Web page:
Maybe we can do this?

It took a while, but we both gradually relaxed a bit more, we even cuddled up! We went to bed at 11pm, a bit too quickly as though we had been itching to get up there all along and back to our ‘safe space’.

Before we went up, I began to think that I could get the last load of washing out of the tumble dryer now instead of in the morning. And I realized I could get my daughter’s packed lunch ready for the morning, rather than rushing like we usually do. And this made me realise that with hopefully better rested children and more time for us, we could go to bed feeling less like we are ‘fire fighting’ and more like we’re winning at this parenting lark. Each one of us should benefit from a more structured bedtime and mornings – where we are all tired – will be a bit less stressful.

I am already exhausted thinking about doing it all over again tonight. It’s emotionally draining, feeling like we’re pretending to be assertive and like we aren’t afraid. But we have to consider the long-term impact on all of us by carrying on with our hypervigilance.

I may be a mother of five children, I may have children of all ages and stages, but I am still learning about parenting… and grieving… and living. I think it’s called ‘winging it’. I treated myself to a fab Selfish Mother sweatshirt with this slogan to remind me that I don’t need to do it all. (Incidentally, they donate a big part of the proceeds to charity.)

I hope that in years to come, our children are able to understand what we went through to give them a stable home, and stability is one of the greatest gifts you can give to anyone.

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Grief is a thief 

While death is something I accept as part of life, the impact of a death, especially that of my child, troubles me. Her death has been and gone, she is at rest now, yet the ripples of that loss pass over me constantly. I’ve largely accepted that she’s not coming back, I’m making the best of it, but nearly four years on I find myself battling with the after effects of grief and am becoming aware of all the many ways it had impacted my life… who I was…who I am…

It is therapeutic for a victim to write to the perpetrator of a crime or injustice, so, I have written here to grief:

Dear Grief,

You have robbed me of my heart, a heart which perpetually aches, is tired, weary. A heart which is too scared to love deeply yet carries the scars from loving too much. A heart which beats so slowly at times that it seems it might stop, yet at other times races as if it’s trying to run away from the hurt you’ve brought upon me.

You have robbed me of my passion, blinding my eyes from the pleasure of reading words on a page that could take me to places of escape, tormenting me when I try to relax by tightening my muscles and clenching my teeth, mocking me when I try to create, or plan or dream dreams…  why are you even bothering?!

You have robbed me of my compassion, I feel unable to give to others, I absorb their troubles as though they were my own yet becoming detached when it becomes too much. I’m too scared to care for fear of the pain, running, hiding from the horrible memories that are ready to surface at any moment.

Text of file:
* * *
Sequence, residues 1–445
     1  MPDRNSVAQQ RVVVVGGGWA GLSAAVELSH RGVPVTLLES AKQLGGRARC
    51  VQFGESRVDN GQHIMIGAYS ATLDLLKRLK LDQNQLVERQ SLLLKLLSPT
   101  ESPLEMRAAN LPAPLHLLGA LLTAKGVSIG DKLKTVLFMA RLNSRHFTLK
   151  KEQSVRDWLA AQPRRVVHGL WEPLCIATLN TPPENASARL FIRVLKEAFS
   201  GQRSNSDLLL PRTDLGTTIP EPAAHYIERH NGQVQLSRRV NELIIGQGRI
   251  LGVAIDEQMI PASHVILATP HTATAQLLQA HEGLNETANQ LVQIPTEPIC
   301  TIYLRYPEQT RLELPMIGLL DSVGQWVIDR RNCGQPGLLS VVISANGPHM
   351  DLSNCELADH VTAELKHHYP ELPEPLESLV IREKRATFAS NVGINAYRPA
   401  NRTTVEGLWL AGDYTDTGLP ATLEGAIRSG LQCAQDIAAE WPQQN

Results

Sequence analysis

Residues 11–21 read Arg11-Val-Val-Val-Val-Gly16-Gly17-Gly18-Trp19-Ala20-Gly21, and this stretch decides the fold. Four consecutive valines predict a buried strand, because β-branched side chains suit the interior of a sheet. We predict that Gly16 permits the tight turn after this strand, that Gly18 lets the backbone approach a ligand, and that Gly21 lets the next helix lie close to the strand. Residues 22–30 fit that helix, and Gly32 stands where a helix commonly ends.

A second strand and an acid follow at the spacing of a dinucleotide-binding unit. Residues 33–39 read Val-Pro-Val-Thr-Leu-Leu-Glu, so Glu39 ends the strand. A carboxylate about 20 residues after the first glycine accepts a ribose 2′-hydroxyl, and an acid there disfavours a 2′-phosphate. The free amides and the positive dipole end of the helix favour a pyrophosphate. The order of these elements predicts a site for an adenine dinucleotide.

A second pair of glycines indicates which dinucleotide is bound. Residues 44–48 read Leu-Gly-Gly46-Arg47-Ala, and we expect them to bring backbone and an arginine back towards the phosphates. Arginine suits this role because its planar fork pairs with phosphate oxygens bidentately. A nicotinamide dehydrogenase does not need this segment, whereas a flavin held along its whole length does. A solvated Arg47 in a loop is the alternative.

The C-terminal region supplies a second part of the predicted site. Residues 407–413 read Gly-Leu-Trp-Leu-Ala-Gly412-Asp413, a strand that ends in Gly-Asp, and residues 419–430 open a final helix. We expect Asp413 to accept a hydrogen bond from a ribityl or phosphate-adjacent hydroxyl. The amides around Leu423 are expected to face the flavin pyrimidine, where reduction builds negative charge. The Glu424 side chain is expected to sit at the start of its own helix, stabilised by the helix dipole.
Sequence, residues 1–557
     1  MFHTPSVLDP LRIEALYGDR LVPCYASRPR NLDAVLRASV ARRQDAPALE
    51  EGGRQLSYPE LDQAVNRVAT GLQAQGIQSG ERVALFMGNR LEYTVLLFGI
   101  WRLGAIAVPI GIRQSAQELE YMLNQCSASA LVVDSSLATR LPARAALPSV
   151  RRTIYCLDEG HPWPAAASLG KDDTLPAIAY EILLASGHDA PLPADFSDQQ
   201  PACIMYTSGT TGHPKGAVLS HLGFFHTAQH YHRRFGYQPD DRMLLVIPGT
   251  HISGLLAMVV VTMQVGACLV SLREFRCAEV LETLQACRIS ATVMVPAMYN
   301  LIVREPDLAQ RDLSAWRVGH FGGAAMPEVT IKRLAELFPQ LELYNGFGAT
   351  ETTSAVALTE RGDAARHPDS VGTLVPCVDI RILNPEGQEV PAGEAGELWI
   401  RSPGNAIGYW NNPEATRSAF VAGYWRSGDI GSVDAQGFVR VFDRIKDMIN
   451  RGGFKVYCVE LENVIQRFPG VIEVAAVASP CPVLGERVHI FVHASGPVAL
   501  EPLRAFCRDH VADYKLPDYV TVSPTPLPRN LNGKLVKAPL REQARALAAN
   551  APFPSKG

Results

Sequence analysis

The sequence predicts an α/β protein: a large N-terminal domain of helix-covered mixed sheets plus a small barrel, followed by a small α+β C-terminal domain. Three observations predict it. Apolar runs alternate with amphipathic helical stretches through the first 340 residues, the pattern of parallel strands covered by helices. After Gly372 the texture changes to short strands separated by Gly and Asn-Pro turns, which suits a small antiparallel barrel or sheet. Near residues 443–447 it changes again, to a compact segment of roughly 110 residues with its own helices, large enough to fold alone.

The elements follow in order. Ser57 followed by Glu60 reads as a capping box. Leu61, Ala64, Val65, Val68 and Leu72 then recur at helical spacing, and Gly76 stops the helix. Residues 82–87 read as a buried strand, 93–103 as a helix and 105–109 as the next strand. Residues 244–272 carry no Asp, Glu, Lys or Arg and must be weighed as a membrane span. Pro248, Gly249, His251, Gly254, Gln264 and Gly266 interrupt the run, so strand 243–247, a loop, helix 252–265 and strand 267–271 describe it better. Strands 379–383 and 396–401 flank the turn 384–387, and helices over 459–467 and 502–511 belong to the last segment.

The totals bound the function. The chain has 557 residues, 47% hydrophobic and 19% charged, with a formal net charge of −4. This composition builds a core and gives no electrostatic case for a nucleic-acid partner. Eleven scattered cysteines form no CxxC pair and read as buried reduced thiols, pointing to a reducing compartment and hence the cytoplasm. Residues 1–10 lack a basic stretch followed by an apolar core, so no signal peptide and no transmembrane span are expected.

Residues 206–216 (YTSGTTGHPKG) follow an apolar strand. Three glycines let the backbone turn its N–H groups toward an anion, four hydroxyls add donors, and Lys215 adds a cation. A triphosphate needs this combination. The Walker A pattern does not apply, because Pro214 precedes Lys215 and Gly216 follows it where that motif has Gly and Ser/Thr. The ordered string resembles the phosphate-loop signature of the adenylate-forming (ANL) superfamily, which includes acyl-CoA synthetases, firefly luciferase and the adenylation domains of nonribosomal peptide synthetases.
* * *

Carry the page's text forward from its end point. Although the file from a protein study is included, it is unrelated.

You have robbed me of myself, remembering the person I was and feeling confused by the tired, fear-filled eyes staring back at me in the mirror, wondering about the point of life if there is only more grief to come.. focusing on the maybes, forgetting how to find the joy.

You have robbed me of trust, in them, myself, life itself… everything becomes a new thing to fear, by day fearing the future, by night reliving the past.

You have robbed me of my sanity, nails chewed, tablets swallowed, relationships strained, a mind fraught with what is and was and will be, the toll ready to chime at any moment, living on the edge. No one can tell me it will all be okay when you know what I’ve seen.

You have robbed me of my clarity and put a million distractions in my path that simply tempt my heart away from the truth, the truth that bites into me when I least expect it. The distracted mind becomes quickly overwhelmed with too much to process and not enough capacity to take it in. My tank is full, drowning my tired mind in pointless, relentless thoughts.

You have robbed me of my sleep, brought me nightmares, a racing heart. In the stillness of night you sit on my bed and watch me. You jab me awake, making me gasp for air, disturbing my rest with the dread of what or who might be next…

Grief, you’re a thief that stole far more than my child  on that horrible night… but I won’t let you win. I have just enough strength to fight back, to stop you leeching my energy further. I will not allow my darling girl’s memory to be clouded by you, Grief. She is heaven, you are hell.

But through all this and even though it is crap, I respect you and I forgive you, Grief, you’re only doing your job after all and I need to continue on the journey with you. But I will use you to build me back up, to develop resilience, to give me strategies for the future so that I need not be afraid of what you might do to me again. I can’t cheat death, but I won’t give up trying to overcome you.

From a broken-hearted mumma.

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The hardest thing to admit…

After you’ve lost a child, you somehow find ways to live on. You don’t actively seek ways to help your situation, the adjustment sort of happens by itself.

When people say to you ‘I don’t know how you cope’, you look at them blankly, and most likely simply say ‘I just do’. But it makes you realise you have been coping! Inside you’re thinking how exactly have I coped? Am I a bad mother for coping the way I have? Will I ever feel on top of this?